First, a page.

Art, Speculation, and Diplomacy: John Trumbull, A Federalist Painter in Europe, 1780-1816


Luce/ACLS Dissertation Fellowships in American Art


History of Art and Architecture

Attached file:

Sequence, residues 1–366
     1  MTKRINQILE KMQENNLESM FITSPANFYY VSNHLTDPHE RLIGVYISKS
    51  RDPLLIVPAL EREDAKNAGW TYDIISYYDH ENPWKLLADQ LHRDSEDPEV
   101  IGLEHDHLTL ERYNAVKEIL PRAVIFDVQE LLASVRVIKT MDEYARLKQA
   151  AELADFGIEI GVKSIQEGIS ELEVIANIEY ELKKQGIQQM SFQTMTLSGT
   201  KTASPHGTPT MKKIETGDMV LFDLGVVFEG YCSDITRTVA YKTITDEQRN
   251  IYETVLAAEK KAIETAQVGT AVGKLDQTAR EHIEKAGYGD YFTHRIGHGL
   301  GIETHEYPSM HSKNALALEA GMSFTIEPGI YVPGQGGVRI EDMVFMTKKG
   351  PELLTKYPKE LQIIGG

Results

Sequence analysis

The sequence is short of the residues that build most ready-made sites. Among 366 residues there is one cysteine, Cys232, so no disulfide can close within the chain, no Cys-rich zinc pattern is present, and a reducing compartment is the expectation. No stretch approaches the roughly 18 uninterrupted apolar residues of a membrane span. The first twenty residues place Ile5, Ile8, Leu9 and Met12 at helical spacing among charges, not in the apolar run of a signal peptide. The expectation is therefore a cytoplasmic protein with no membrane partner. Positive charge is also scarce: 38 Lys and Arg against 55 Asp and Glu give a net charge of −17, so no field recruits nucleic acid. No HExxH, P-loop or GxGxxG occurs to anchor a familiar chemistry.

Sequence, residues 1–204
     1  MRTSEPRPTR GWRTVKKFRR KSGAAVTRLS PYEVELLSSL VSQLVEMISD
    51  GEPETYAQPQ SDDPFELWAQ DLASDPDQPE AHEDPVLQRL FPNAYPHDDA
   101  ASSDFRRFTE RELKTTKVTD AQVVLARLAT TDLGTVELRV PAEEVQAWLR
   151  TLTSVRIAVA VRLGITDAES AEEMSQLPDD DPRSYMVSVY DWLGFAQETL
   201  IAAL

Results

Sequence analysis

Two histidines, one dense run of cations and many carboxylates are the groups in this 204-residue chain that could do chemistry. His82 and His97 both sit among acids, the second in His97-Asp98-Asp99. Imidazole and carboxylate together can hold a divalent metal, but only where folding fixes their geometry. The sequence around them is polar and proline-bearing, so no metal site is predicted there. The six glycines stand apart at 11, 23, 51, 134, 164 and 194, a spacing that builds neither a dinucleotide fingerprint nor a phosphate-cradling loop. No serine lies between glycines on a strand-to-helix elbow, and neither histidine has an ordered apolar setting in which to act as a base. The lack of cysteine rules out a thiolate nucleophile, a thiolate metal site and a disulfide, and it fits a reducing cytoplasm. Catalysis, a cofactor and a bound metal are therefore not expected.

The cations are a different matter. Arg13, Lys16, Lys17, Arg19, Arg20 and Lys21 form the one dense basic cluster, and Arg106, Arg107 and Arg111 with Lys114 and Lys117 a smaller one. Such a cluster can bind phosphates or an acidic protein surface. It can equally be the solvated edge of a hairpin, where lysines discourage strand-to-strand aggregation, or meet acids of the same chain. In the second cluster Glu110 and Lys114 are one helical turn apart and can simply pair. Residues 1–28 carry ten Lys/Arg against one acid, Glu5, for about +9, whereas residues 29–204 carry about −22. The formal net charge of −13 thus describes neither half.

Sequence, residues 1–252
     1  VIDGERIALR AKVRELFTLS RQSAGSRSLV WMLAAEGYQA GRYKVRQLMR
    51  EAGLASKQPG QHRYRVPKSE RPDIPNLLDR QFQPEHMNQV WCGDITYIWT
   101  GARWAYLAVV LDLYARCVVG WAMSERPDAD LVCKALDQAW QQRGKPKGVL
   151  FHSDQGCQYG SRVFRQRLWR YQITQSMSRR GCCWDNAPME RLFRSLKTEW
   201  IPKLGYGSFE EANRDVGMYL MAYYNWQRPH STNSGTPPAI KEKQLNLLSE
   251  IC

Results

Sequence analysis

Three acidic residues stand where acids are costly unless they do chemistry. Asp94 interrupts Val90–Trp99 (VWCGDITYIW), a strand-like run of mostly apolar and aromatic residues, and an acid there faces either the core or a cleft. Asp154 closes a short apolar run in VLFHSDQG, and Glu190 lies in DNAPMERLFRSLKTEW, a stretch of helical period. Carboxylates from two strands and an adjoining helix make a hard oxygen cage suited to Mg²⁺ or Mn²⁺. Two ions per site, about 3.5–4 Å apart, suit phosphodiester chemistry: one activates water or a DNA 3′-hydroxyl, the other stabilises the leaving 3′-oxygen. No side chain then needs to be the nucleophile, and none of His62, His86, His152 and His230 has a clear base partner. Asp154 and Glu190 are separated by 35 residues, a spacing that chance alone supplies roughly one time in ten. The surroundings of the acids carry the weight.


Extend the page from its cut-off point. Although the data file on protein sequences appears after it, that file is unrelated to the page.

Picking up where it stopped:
This dissertation reassesses the European career of the American artist Colonel John Trumbull (1756-1843). While Trumbull’s tenuous status as an American artist abroad in the tumultuous years that span the American and French Revolutions has been studied assiduously by art historians, little attention has been paid to his additional roles as a Federalist diplomatic agent and a commercial speculator in Europe. Contextualized within a discursive web of profit, risk, and eighteenth-century ‘sciences’ of economy and taste, this new perspective presents the artist as an homo economicus—an artistic visionary empowered by an overreaching marketplace while simultaneously burdened by its pervasive complexity. Moreover, this dissertation explores the ambiguous rhetoric of late eighteenth-century Federalist domestic and foreign policy, and the role of artist as envisioned and performed by Trumbull therein.